Catholic Dreamcatcher Craft Honors Blessed Kateri’s Feast Day
July 14 is the feast day of Blessed Kateri Tekakwitha, a young Native American woman who offered her life to Jesus. She will be canonized as an official saint of the Church in October. I am very excited because she is my Patron Saint.
Kateri Tekakwitha and I have much in common. Her father was Iroquois and my father is Iroquois. She had severe vision impairments, I have bad sight. Christ whispered to her to become a Catholic throughout her life, He whispered to my heart long before I was baptized in 2007.
Dreamcatchers are well-known as a Native American tradition and, although the Iroquois did not “invent” them, they adopted the practice of using dreamcatchers. I thought it would be fun to create a traditional Native American dreamcatcher with a Catholic twist.
This tutorial is for a traditional dreamcatcher and is intended for older children and parents. For small children, skip the knots and just allow them to weave the yarn however they would like. Encourage them to weave across the center in order to create the weblike center.
1. Gather your materials.
2. Using a pair of scissors, poke into the center of the plate and cut a large circle out of the plate leaving just the rim.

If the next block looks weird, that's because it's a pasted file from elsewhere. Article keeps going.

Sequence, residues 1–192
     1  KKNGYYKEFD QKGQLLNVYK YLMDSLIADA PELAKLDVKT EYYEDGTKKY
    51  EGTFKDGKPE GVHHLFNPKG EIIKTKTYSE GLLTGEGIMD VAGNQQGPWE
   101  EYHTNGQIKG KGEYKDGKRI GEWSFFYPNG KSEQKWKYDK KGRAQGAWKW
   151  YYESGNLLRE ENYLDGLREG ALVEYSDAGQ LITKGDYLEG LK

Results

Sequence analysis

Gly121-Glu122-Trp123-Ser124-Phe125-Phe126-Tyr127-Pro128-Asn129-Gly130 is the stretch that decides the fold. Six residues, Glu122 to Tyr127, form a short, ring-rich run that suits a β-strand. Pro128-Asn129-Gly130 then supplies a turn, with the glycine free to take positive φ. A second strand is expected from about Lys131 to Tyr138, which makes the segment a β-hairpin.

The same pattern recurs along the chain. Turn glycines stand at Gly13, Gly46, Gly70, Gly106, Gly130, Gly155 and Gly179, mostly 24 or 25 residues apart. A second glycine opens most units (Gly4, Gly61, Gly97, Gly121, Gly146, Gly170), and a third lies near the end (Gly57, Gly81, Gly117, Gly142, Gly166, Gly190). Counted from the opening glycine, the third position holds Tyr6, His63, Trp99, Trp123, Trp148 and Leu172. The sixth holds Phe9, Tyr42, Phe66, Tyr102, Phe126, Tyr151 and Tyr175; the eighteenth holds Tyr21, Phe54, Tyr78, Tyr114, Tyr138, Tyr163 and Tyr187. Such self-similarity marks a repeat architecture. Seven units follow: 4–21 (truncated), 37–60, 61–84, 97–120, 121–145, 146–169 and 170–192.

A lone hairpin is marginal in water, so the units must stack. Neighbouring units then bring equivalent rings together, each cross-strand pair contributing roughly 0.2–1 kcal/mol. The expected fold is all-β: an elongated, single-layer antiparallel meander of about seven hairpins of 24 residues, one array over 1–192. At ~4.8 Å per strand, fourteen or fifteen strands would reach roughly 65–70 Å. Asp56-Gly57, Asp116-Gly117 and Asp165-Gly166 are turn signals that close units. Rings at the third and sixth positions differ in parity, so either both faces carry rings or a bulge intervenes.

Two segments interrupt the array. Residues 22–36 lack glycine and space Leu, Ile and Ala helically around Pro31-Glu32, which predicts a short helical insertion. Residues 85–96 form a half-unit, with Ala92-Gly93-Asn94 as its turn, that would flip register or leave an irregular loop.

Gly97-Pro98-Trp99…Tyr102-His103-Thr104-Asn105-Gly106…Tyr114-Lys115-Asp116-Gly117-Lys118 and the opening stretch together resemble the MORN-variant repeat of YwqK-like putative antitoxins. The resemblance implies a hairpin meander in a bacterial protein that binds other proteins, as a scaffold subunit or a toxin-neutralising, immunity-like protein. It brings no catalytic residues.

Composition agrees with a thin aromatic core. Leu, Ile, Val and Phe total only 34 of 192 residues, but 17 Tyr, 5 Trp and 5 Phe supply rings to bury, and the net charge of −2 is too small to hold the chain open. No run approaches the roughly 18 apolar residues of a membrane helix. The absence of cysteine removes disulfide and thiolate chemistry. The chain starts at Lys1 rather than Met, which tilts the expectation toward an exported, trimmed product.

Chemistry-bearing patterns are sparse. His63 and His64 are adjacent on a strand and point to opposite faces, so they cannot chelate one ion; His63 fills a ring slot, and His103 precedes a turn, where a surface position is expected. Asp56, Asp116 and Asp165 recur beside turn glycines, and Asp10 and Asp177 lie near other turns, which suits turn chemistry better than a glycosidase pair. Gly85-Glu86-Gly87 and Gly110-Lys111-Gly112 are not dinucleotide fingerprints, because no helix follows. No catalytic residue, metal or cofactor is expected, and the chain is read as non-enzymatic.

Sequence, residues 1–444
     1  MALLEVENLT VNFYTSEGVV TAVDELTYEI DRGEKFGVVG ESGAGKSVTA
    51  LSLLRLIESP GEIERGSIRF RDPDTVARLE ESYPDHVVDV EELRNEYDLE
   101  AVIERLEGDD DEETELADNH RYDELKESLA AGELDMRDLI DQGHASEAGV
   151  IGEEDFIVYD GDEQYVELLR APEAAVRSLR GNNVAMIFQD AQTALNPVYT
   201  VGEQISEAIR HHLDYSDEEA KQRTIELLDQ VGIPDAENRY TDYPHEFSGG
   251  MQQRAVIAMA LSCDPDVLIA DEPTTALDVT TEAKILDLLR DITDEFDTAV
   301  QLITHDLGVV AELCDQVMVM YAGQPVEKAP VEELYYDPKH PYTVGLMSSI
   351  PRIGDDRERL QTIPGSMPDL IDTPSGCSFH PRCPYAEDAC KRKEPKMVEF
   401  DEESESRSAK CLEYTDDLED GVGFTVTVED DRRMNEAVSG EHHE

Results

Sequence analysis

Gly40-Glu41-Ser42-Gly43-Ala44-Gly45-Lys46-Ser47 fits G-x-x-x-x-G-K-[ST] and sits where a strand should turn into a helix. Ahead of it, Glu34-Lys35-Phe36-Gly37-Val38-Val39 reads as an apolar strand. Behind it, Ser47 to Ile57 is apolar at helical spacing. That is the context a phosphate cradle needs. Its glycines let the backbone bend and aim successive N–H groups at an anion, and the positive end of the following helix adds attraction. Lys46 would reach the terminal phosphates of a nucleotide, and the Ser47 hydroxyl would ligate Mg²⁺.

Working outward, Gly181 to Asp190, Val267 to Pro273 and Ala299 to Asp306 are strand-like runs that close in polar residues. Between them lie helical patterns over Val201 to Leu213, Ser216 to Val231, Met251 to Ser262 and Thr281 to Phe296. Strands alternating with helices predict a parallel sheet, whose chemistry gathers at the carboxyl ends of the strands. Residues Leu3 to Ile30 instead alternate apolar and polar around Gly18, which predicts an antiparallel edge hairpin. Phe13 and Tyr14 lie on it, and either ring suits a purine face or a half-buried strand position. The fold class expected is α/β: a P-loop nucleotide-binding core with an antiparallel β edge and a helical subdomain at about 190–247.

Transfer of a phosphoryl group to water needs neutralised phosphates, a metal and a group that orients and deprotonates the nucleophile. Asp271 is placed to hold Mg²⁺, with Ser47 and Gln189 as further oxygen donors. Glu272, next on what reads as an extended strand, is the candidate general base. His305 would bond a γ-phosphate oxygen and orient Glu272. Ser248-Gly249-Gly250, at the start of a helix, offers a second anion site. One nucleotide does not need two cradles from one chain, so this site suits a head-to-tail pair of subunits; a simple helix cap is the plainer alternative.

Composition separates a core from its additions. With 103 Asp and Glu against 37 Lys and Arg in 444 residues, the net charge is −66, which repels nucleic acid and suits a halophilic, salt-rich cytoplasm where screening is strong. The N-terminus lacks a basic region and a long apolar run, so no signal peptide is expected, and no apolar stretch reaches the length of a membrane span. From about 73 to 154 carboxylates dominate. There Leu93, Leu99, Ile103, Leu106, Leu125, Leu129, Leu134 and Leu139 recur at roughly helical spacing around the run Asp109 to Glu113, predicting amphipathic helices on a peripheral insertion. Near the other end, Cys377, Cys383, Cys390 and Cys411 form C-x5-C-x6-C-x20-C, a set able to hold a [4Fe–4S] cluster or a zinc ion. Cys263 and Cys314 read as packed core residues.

3. Punch holes around the perimeter of the plate. Punch about 16 holes evenly spaced.
4. Using your long strand of yarn, tie a loop to the top of your plate. Gently string the yarn through each hole, weaving it in and out of each hole. Wrapping a small piece of tape around the end of the yarn makes it easier to weave.
5. When you reach your loop, you will begin creating the center of the dreamcatcher. Wrap the yarn around the center of the first “in between” piece of string and then wrap it around itself and pull through the loop formed when wrapping. Pull the knot taught but not too tight and move to the next “in between” piece.
6. After repeating step 5 a few times skip one hole and then knot on the next for one round. Continue step four until there is a small hole in the center of the dreamcatcher. Finish off the dreamcatcher with one last knot.
7. Now take your medal or crucifix and open the jump ring and attach it somewhere near the center of your dreamcatcher.
8. Native Americans usually hang feathers from the bottom of the dreamcatcher. White feathers to represent dove feathers, the bird used in the Bible to represent the Holy Spirit would be perfect to hang from your dreamcatcher. First tie three strings into the bottom three holes on your dreamcatcher. Then slide three pony beads onto each string and tape a feather to the bottom of the string. Pull the pony beads down a little to hide the tape. Do this for all three strings.
9. Now you can pray this prayer before going to sleep:
Jesus Christ my God, I adore you and thank you for all the graces you have given me this day. I offer you my sleep and all the moments of this night, and I ask you to keep me from sin. I put myself within your sacred side and under the mantle of our Lady. Let your holy angels stand about me and keep me in peace. And let your blessing be upon me. Amen. From A Catholic Prayer Book, Saint Alphonsus Liguori (1696-1787)
Copyright 2012 Alicia Hart